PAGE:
moveq   #$27,d1				; Set to clear $50 bytes ($27 for /2 due to word writes, and -1 due to the dbf loop).
@ClrVSRAMLoop
		move.w  d0,(a0)				; Clear 4 bytes of VSRAM.
		dbf	d1,@ClrVSRAMLoop		; Repeat until it is fully cleared.
		
Right. While the comments above just basically clear CRAM and VSRAM, we're going to be clearing VRAM a little bit differently, although you can clear it differently to above. VDP register $17's bitfield is set to the DMA's fill mode, so when the VDP is set to DMA, whatever value is written to the data port, is repeated for the whole DMA length (Registers $13 & $14, in this case $FFFF; the whole of VRAM). So:

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                move.l  #$40000080,4(a0)                ; Set the VDP to VRAM DMA, address $0000.
		move.w  #$8F01,4(a0)			; Set the VDP to increment the VRAM address 1 byte with every write to the data port.
		move.w  #0,(a0)				; Clear two bytes of VRAM; start DMA.

Now, unlike regular 68K to VRAM DMA, with DMA fill/copy, the 68k isn't frozen, so we're going to need to loop the 68K until it is finished or we could end up corrupting VRAM when it comes across another VDP write. How we do this is using the VDP's own status register. You can copy the control port value to an address register, which basically gives you the VDP status. The bit we're looking for is the second bit, bit 1. This bit is set when DMA is running, but it's only useful for fills and copies, due to the 68K being frozen with the other mode. So...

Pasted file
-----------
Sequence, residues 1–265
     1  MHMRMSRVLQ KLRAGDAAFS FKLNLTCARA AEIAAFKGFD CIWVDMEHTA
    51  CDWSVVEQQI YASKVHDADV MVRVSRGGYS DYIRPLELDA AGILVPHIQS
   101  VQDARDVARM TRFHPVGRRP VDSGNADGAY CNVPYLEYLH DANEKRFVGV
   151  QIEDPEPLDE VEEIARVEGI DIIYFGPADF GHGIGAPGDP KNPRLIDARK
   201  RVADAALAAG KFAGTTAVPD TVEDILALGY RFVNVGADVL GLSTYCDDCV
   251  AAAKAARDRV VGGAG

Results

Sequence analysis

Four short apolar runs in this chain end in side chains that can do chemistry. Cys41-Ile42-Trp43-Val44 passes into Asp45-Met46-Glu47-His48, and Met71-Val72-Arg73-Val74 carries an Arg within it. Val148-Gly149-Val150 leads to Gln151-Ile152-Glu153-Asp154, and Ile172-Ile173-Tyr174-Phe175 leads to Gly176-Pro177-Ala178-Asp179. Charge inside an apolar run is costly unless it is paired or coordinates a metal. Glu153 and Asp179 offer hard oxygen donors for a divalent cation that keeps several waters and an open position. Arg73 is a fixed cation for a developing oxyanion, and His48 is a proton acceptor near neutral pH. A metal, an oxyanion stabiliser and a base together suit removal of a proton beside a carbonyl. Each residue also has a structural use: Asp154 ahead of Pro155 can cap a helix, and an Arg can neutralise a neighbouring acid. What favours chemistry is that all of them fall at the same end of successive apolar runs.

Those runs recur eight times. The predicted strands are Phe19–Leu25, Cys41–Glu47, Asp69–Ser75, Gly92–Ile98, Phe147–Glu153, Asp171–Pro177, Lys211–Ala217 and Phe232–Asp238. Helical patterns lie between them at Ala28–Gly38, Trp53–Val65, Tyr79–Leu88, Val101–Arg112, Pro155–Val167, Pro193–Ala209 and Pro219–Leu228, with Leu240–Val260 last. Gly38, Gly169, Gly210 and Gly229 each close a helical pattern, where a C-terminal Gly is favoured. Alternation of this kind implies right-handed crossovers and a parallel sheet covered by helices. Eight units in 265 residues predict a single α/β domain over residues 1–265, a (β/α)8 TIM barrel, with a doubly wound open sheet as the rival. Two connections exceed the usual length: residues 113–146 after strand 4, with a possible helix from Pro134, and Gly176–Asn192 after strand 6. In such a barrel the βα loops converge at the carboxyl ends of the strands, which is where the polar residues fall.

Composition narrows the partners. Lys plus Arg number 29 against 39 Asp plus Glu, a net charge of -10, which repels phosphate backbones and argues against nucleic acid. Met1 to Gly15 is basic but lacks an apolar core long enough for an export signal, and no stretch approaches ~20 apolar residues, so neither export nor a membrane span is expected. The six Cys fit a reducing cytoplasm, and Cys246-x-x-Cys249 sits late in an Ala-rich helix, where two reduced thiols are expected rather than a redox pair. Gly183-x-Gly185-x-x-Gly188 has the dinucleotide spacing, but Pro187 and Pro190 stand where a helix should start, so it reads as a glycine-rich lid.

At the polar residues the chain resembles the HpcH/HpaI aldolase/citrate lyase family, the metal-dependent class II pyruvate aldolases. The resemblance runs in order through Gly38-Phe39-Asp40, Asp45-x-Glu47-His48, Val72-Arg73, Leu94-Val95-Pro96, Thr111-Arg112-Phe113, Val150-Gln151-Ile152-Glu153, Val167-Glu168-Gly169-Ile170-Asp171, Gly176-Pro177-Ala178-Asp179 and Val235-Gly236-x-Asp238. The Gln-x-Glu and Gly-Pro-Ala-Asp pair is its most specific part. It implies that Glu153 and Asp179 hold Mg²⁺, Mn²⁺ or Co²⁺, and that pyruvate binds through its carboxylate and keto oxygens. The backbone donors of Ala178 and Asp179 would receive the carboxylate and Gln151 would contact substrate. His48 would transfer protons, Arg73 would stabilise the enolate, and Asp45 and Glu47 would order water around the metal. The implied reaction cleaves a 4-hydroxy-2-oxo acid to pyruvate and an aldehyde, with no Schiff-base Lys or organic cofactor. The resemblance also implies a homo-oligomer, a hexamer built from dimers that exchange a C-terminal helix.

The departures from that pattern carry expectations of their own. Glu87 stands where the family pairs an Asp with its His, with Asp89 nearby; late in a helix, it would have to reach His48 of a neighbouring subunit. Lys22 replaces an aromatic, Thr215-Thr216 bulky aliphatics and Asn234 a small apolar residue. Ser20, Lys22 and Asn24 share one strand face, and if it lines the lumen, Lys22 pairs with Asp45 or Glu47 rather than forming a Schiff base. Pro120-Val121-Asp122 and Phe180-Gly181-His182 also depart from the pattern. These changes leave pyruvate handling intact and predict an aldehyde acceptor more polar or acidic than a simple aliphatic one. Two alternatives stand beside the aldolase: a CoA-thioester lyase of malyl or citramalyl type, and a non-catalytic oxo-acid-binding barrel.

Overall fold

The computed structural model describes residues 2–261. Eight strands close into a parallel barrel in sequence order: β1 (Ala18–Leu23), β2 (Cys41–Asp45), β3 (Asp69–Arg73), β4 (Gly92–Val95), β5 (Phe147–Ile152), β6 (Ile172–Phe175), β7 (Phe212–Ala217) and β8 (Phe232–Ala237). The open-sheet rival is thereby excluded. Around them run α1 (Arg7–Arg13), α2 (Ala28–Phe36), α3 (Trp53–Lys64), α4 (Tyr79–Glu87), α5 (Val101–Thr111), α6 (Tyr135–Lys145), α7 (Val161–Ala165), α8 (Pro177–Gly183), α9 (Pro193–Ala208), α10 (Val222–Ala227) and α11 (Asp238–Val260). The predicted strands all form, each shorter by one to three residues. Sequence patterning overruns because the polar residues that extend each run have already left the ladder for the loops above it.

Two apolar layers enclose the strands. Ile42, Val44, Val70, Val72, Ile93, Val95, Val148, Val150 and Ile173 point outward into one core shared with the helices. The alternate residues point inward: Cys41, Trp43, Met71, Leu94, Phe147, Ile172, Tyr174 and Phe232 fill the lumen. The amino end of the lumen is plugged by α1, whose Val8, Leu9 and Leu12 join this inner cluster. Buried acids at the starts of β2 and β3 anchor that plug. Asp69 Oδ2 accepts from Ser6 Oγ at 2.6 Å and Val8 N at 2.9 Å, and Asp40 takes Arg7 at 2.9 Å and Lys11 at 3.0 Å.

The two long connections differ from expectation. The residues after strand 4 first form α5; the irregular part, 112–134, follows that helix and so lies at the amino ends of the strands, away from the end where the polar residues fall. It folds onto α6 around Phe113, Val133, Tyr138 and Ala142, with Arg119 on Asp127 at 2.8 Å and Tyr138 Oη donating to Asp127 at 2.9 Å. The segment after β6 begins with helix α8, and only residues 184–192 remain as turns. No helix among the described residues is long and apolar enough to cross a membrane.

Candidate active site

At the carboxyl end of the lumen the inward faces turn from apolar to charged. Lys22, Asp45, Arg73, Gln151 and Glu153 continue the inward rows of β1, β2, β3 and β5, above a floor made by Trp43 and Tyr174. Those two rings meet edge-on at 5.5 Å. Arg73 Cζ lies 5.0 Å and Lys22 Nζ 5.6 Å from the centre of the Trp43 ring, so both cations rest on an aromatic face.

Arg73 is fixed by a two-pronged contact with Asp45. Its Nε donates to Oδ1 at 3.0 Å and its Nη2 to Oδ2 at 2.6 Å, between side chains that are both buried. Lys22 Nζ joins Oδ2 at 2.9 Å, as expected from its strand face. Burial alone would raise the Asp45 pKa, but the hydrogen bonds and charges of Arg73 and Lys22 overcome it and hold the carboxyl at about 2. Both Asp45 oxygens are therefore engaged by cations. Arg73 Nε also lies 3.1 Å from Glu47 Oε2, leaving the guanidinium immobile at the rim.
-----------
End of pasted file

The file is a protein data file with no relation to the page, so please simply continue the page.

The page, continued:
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@CheckVRAMDMAClear:
                move.w  4(a0),d1                        ; Load the VDP status register value into d1.
		btst    #1,d1				; Is DMA still running?
		bne.s   @CheckVRAMDMAClear		; If it still is, loop.
		move.w  #$8F02,4(a0)			; Set the VDP address to increment 2 bytes per data port write.

Next up, we have the Z80, the Mega Drive's sub-processor. This mainly controls most of the sound hardware, so we will be using it later. In the meantime, we will just leave it on a loop. To write code to the Z80, you must first send it a bus request to stop it (and reset it if need be). This is done by writing $100 to the I/O ports $A11100 and $A11200, respectively. Afterwards, you'll then be able to use the Z80's RAM, ranging from $A00000-$A01FFF, and any of the sound hardware that is mapped to the Z80, if need be.

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		move.w  #$100,($A11100).l               ; Stop the Z80.
		move.w  #$100,($A11200).l		; Deassert Z80 reset.
@WaitforZ80:
		btst    d0,($A11100).l			; Has the Z80 stopped?
		bne.s	@WaitforZ80			; If it hasn't, branch.
		lea     Z80Data(pc),a0			; Load the Z80 init code.
		lea     ($A00000).l,a1			; Load the start of Z80 RAM into a1.
		moveq   #Z80Data_End-Z80Data-1,d1	; Load the length of the code, -1 for the dbf loop.
@InitZ80Loop:
		move.b  (a0)+,(a1)+			; Write a byte of data to Z80 RAM (IMPORTANT! Can only be written to as bytes!).
		dbf     d1,@InitZ80Loop			; Repeat until completely written.
		move.w  #0,($A11200).l			; Reset the Z80: Run the code from $0000 in Z80 RAM.
		move.w  #0,($A11100).l			; Start the Z80.
		move.w  #$100,($A11200).l		; Deassert Z80 reset.

...And underneath VDPRegSetup_End, put this:

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Z80Data:
                dc.b    $F3       ; di    - Disable interrupts.
		dc.b	$ED, $56  ; im 1  - Only interrupt mode used. Interrupts occur at address $38 in Z80 RAM.
		dc.b	$18, $FE  ; jr -2 - Loop repeatedly.
		dc.b	$00	  ; nop   - Do nothing. Written to prevent odd addresses for the 68K.